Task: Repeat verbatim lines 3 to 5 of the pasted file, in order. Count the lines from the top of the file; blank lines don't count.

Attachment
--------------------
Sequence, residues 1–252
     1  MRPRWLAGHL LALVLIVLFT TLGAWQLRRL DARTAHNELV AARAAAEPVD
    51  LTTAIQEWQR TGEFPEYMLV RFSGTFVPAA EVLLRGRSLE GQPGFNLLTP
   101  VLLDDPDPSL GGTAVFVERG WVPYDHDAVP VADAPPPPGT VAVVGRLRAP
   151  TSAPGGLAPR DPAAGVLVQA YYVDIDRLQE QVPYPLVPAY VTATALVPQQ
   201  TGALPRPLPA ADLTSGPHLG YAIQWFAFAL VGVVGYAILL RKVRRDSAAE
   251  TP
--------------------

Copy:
    51  LTTAIQEWQR TGEFPEYMLV RFSGTFVPAA EVLLRGRSLE GQPGFNLLTP
   101  VLLDDPDPSL GGTAVFVERG WVPYDHDAVP VADAPPPPGT VAVVGRLRAP
   151  TSAPGGLAPR DPAAGVLVQA YYVDIDRLQE QVPYPLVPAY VTATALVPQQ